A new study has found that television is as popular as computers for entertainment and getting informa-tion. The Media Use Benchmark 2013 study, published by the Temkin Group, which culled data from 10,000 consumers, found that people watch TV an average of 3.9 hours per day, while they go online for personal use 3.8 hours a day, on average. People spend a little more than half as much time listening to the radio--2.1 hours per day. Reading a book offline, reading news online, and accessing the Internet via mobile devices are also equal in usage, at 1.4 hours per day (each).


These rates did not change more than one-tenth of an hour since 2012, except for the use of mobile for apps and internet access, and reading news online, both of which jumped two-tenths of an hour from 1.2 hours a day to 1.4 hours.


Penetration figures show similar patterns--that is, the percentage of people who engage in these media consumption activities. Nearly everyone watches TV and logs onto the internet daily (94% and 96%, respectively). Almost as many listen to the radio (85%) and three out of four read the news online every day (75%).  Just over half use mobile devices for apps and internet access daily (52%).


Not surprisingly, when the report breaks down this usage by age, TV watching is most prominent among those 65-74 (an average of 4.2 hours per day), while 18-24 year-olds watch 3.6 hours of TV daily. Mobile media usage is heaviest among people under 35; in fact, the Gen Y and Millennial cohorts use more media of all kinds than any other age grouping. Even so, eight percent of the oldest group (75+) access mobile media on a daily basis.


Mobile media and digital information are so prominent among younger consumers that Turn, Inc. has just issued a Global Digital Audience Report that describes a highly sought audience, "The Digital Elite." They are affluent, urban white collar professionals aged 21-34, and they travel a lot. More than four out of five are Americans, and they have diverse media tastes. Their media habits allow them to see 24 times as many ads as other groups, leading to a much higher cost-per-impression than for other groups. Display ads and online video ads are the most common formats, though mobile ads remain the best buy.


Keep in mind that age is a moving target. The data from these two reports represent a snap shot in time; next year, they may show something different. In fact, we have witnessed major changes in technology uses among older Americans over the past 20 years. If you visit a senior citizen community today, you will notice several internet stations in the club house, in spite of the fact that nearly every household in the community has at least one computer. All of the residents have cell phones--some are very simple, and allow them to hear from grandchildren and children if they are not at home. But many of these folks have smart phones and check their investments on mobile apps.


Think about the Baby Boomers, who are now entering retirement years. Not only have these people needed to become computer-savvy in order to remain relevant in their jobs, but the whole zeitgeist of this generation is about trying new things, staying young and "hip," and getting the latest information. Baby Boomers also tend to shop online more than younger people, and they spend more when they do.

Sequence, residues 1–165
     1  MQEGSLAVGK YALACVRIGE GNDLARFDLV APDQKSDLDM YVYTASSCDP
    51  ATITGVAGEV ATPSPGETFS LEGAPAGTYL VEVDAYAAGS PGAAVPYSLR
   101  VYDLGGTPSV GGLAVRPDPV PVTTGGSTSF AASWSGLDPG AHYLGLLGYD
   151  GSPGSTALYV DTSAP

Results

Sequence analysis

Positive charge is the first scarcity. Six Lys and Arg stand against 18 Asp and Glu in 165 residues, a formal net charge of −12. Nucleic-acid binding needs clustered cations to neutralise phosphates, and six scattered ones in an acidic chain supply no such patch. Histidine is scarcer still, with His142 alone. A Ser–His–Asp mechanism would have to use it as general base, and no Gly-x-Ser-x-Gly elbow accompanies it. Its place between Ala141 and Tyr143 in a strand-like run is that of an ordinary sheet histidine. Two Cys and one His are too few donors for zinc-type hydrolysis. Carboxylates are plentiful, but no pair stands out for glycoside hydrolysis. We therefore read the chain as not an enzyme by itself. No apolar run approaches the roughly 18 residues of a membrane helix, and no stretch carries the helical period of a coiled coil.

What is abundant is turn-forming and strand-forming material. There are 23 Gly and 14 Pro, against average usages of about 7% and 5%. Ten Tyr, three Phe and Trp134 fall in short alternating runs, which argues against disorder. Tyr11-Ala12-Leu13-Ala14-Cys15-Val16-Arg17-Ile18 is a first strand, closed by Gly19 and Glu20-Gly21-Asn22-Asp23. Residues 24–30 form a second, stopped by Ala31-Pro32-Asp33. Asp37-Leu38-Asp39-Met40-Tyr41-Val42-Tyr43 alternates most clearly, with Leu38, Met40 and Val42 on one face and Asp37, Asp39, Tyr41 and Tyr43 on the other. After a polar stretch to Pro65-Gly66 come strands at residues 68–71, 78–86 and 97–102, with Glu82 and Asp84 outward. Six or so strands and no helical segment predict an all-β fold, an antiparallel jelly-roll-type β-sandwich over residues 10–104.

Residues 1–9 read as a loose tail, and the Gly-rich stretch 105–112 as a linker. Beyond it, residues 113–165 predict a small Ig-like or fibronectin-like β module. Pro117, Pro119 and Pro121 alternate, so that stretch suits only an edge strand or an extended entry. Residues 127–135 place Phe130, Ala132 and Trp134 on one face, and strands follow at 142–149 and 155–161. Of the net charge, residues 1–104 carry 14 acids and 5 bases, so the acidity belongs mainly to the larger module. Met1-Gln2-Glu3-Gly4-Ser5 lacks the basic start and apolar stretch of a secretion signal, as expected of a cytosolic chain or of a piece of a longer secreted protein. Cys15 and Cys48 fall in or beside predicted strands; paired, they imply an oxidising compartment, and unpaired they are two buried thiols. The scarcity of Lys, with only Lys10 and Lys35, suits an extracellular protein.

Media buying is as much an art as a science, hence the importance of these studies; but don't count out older groups just yet. Check the latest usage figures for your product and keep in mind that television is still an important media outlet for all ages, but particularly for those over 55. More to the point, as time goes on, and people age INTO older cohorts, they will carry with them the habit of using mobile devices for everything.

Upcoming Events
May 15th, 11:30am-1:30pm


In order to achieve success, one must effectively communicate with colleagues (internal) and clients or customers (external). Carol Schiro Greenwald has returned to IABC/LI to tell us "A Dozen Ways To Deepen Business Relationships."  For more information and to register, go to the web siteor you can sign up at and pay at the door.
May 17th, 8am to 5pm
New York American Marketing Association is hosting "2013 NYAMA Marketing Solutions Summit: Achieving Improved Performance and Results." This all-day program features speakers from Gen One Ventures, IBM, Boston's Children's Hospital, Sprint, BASF, APCO World, Florida Blue and Prudential Financial. For more information and registration, click here.
June 23-26, 2013 
There is still time to register for IABC's World Conference in New York City! This amazing opportunity to meet business communicators from all over the world will be held at the New York Hilton. Click here to learn more about it, and to register. 

This practice is dedicated to helping companies become knowledge-driven, rather than assumption driven about strategic and tactical decisions concerning lines of business, branding, communications, and various marketing activities. For more information about how we do this, case studies, frequently asked questions about marketing research, and testimonials, please visit our web site:

Ann Middleman